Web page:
“Though the Indians remained nearby for the next several days, taking occasional shots at the sod walls of the trading post, they never attacked again. The battle was over. On the third day Billy Dixon made what became the most famous single shot in the history of the West. A party of about fifteen Indians had appeared at the edge of the bluff, at a distance of probably fifteen hundred yards, or almost a mile. As Dixon recalled, ‘some of the boys suggested that I try the big ‘50’ on them…. I took careful aim and pulled the trigger. We saw an Indian fall from his horse.” He was the last casualty of what would become famous in frontier history as the Second Battle of Adobe Walls….’”
Again, Gwynne’s accurate historical accounts are expressive in that his words suggest a bravado that underpins cowboy legends.
The defeat for the Comanche and Quanah at Adobe Walls was devastating, if not quite conclusive. The conclusive defeat would come four months later.
In September 1874, MacKenzie, who had learned a great deal chasing Quanah all over northern Texas, accidentally came across and annihilated a Comanche village in Palo Duro Canyon south of Amarillo. MacKenzie slaughtered fifteen hundred Comanche horses, the source of Comanche wealth and power. Quanah was not present. Had he been, his scouts would have known of MacKenzie’s presence.
Following this overwhelming loss, slowly but surely all remaining renegade Comanche surrendered to the reservation. Quanah was not the last to come in, but once under a white flag and living on a reservation, he wisely found, negotiated with, and brought in the only other band of Comanche roaming destitute but free. The following quote illustrates what the Comanche had surrendered to the “white man”:
“…in March 1878 a group of Comanche and Kiowas, including some women and children, were finally allowed to go, unsupervised, on a hunt. This was cause for great excitement among the Indians. Perhaps it was the simple urge to validate their own past, or maybe a desire to show their children who they really were. They would ride out again into the great oceanic wilderness that so terrified the taibos [settlers]. They would kill and eat, and use the gallbladder to salt the raw bloody liver, and drink the warm milk from the udders mixed with blood, and it would be, however briefly, like the old days.”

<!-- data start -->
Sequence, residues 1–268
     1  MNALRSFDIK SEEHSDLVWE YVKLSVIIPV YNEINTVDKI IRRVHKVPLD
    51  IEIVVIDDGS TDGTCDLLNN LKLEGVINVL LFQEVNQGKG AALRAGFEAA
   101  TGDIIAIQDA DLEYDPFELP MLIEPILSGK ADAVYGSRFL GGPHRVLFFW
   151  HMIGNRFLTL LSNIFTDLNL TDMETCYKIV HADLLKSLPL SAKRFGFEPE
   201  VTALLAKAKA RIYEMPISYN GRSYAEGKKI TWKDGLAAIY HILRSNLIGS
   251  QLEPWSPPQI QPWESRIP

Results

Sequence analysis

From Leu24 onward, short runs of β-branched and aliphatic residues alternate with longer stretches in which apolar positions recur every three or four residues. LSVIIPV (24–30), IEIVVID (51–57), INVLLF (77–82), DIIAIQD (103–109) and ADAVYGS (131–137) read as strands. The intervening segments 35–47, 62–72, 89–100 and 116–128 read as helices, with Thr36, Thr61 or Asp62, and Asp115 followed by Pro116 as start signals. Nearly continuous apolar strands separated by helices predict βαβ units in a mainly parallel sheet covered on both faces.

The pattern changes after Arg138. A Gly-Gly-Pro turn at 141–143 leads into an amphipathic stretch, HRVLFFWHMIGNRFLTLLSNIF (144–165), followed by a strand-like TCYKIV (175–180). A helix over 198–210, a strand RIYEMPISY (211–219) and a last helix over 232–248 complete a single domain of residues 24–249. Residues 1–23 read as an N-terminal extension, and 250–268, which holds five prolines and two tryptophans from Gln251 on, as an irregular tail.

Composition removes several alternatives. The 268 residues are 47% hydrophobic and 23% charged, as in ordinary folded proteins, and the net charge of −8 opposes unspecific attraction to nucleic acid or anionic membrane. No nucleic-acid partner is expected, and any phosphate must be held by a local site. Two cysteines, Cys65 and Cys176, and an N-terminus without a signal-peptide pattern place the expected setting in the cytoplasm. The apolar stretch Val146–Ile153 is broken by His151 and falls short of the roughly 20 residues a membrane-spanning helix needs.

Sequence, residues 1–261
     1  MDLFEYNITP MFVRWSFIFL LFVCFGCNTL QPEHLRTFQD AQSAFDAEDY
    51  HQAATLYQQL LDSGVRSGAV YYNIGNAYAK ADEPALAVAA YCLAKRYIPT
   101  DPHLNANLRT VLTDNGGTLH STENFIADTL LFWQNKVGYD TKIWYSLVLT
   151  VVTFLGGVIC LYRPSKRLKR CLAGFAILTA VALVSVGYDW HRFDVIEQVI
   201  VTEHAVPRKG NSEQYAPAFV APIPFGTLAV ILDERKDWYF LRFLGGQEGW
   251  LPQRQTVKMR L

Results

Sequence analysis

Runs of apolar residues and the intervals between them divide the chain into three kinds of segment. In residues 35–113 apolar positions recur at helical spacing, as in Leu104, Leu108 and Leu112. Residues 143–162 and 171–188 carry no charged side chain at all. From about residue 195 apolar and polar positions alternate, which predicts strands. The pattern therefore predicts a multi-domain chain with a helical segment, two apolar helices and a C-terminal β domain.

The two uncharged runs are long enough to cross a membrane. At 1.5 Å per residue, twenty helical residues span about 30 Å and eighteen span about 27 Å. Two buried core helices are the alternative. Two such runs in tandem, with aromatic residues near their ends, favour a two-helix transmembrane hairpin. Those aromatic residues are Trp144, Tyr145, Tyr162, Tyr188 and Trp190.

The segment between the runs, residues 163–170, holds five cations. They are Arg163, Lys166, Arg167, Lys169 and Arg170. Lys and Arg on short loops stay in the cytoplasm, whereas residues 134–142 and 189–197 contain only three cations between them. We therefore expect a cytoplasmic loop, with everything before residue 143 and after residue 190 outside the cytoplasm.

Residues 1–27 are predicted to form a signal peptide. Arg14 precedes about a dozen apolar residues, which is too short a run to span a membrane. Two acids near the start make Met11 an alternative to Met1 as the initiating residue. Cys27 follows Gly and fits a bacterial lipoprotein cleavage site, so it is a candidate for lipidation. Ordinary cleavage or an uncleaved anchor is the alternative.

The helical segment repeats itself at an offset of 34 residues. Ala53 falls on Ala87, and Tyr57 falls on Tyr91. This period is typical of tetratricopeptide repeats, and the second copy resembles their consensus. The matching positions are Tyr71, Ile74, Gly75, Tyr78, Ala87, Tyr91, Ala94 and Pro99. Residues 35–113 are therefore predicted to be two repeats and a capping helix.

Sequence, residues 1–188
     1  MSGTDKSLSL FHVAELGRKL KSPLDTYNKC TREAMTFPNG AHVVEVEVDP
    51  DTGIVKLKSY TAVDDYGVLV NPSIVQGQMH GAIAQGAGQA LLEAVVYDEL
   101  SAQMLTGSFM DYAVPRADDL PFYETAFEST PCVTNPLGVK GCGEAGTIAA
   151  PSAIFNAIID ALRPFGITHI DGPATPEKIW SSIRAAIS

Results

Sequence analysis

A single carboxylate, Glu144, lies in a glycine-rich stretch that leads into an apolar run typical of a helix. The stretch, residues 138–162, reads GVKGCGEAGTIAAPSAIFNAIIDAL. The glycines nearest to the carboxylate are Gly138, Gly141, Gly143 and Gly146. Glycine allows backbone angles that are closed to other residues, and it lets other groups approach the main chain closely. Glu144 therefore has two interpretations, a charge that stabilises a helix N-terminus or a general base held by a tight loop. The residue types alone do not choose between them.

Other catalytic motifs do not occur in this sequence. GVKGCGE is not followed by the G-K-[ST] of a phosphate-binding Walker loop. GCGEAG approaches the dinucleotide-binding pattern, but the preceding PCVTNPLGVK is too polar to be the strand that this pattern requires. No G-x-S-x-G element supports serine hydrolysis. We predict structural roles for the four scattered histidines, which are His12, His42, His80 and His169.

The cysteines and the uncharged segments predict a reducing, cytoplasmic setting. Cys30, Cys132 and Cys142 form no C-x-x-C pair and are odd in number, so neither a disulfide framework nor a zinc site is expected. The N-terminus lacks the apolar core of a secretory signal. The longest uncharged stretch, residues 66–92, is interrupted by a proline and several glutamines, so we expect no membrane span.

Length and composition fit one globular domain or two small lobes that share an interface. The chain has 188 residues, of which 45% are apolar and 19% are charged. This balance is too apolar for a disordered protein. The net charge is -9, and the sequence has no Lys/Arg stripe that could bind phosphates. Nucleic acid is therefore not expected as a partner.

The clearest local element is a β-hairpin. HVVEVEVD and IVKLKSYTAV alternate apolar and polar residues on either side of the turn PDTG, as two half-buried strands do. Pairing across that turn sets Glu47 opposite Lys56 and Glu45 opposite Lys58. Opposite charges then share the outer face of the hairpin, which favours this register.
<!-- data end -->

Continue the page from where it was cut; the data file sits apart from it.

They knew the hide hunters had killed many buffalo, but what shocked them was to find the hide men had killed all the buffalo. The idea of traveling one hundred miles and seeing only bleached bones and not one single buffalo was unimaginable. Heartbroken, Quanah led the small group all the way to Palo Duro Canyon, their former stronghold and sanctuary, to another shock: “On a bitter cold day, with snow on the ground, the Indians entered the canyon…. The intruders were in an ugly mood, having just learned that their sacred canyons now ‘belonged’ to someone else.” A former Texas Ranger and now land baron and cattleman, Charles Goodnight, “owned” the Canyon.
A parley with interpreters was arranged between Goodnight and Quanah. Goodnight asked Quanah through the interpreter what his name was. Quanah replied in English with a highly symbolic answer: “Maybe so two names—Mr. Parker or Quanah.” The reply was symbolic because it indicated that Quanah had realized he could no longer deal with the world via his old cultural references. To take the name “Parker’” voluntarily was not an acceptance of defeat but recognition of the hopelessness of his tribal ways in the face of the advance of “Western Civilization.” My reading of that moment tells me that Quanah Parker was accepting the challenge and responsibility of leading the whole Comanche tribe on the difficult road into the reality of their new circumstances. The buffalo were all dead and the white men now owned the sacred canyons.